Manufacturing News / Sustainability / Innovation
TECH FLASH

Lifecycle assessment sizes up environmental impacts of products

May 9, 2012
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Kraft YES Pack
Kraft’s YES pack salad dressing uses 60 percent less plastic than the previous container. Source: Kraft.

Kraft Foods is using lifecycle assessment (LCA) to help it make the right changes and get the best results in new product and packaging design. LCA measures the footprint of what goes into making a product, from farm to fork and beyond.

“Lifecycle assessment is an important part of our sustainability journey,” says Roger Zellner, sustainability director for research, development & quality. “It gives us a competitive advantage, as we now have more insight into how to reduce our products’ footprints, find efficiencies and validate and explain those benefits to customers and consumers. Together, we’re focusing and working smarter and communicating better, which is good for the environment, people and our business.”

This LCA work builds on the multi-year footprinting project Kraft Foods recently used to map its impact on climate change, land and water use. Today, employees around the world are using lifecycle thinking to help uncover ways to eliminate waste in manufacturing. This can reduce the amount of raw materials, such as agricultural commodities, used at the beginning of the supply chain. LCA also can help measure how product and packaging innovations improve on previous designs, and provide a common system to measure and explain those benefits.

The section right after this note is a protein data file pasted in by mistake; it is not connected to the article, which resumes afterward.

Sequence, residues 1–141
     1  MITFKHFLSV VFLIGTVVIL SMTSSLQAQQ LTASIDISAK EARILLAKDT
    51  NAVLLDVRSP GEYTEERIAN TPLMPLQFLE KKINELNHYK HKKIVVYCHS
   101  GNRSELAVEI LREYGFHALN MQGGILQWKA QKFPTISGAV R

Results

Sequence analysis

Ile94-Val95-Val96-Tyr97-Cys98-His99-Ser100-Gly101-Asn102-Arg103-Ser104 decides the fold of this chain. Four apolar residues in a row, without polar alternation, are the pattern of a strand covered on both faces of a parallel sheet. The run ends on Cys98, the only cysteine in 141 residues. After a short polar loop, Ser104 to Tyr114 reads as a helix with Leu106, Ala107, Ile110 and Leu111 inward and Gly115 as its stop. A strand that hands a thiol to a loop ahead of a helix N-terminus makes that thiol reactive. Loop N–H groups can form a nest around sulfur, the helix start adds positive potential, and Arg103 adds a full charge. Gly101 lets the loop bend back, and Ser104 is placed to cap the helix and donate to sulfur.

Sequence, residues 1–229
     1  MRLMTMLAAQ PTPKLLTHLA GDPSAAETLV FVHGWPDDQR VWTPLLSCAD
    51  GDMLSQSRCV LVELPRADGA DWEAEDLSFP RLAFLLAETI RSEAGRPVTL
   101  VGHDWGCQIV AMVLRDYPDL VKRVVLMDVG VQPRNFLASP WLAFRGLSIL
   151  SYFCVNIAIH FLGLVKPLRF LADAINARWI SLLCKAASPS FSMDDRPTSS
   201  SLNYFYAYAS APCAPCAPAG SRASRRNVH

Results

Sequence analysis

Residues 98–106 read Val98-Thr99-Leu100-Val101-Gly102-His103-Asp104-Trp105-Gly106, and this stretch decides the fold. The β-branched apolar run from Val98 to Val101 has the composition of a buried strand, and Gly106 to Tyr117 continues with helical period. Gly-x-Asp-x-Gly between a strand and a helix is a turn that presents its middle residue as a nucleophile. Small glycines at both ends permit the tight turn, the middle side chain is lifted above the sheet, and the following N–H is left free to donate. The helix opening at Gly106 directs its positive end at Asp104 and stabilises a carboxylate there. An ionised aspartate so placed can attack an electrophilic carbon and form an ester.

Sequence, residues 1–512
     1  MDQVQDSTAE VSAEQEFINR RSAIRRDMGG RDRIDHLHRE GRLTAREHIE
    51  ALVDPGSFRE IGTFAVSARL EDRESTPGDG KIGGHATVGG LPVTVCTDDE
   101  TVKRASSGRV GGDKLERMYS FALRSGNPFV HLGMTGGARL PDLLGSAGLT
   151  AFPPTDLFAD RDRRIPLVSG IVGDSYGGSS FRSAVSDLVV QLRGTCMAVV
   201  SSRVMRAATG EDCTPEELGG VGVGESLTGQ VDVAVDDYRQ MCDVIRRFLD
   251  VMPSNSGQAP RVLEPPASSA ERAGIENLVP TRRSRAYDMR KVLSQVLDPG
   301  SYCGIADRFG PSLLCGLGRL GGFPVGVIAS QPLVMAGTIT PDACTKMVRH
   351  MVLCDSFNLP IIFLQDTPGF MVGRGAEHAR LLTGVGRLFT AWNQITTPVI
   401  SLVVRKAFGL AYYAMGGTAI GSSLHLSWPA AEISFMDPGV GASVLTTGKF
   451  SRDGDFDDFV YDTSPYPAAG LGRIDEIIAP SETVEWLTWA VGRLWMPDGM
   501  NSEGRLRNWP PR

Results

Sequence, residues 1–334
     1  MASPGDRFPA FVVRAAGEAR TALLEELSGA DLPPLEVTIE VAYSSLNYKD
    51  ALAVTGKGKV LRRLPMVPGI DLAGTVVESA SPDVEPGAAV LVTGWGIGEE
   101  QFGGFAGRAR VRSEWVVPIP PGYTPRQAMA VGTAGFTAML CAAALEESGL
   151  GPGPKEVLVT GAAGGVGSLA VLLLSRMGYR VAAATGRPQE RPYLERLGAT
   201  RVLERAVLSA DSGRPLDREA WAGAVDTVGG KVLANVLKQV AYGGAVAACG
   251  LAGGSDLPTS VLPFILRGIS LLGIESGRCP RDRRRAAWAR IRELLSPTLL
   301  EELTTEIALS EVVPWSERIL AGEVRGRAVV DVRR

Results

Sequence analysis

For example, in the US, the Kraft YES Pack salad dressing team used LCA to confirm their design has a reduced environmental impact, using 60 percent less plastic packaging than the previous container. In the UK, the Kenco coffee team used LCA to confirm its new Eco-Refill package delivers a 70 percent savings in the packaging’s carbon impact footprint compared to its glass counterpart. And in Europe, the Tassimo single-serve beverage team’s LCA showed it could reduce the carbon footprint of each T Disc beverage ingredient package by about 20 percent when upcycling them with partner TerraCycle and diverting them from landfills.

Kraft Kenco coffee
The UK’s Kenco coffee’s Eco-Refill container delivers less carbon impact than the previous glass container. Source: Kraft.

At the heart of Kraft Foods’ reductions in packaging is its Eco-Calculator. This proprietary tool helps packaging designers create more efficient, sustainable solutions based on data from the US Environmental Protection Agency, the US Department of Energy and packaging industry groups.

The Eco-Calculator figures the percentage of post-consumer recycled material in a given package design, along with the amount of energy and carbon dioxide emissions required to create the package. It also tells packaging designers how efficiently they’re using materials and how well their designs will fit a product’s physical dimensions. The tool is used along with other business practices, like economic assessments and ability to manufacture, before a final design is selected.

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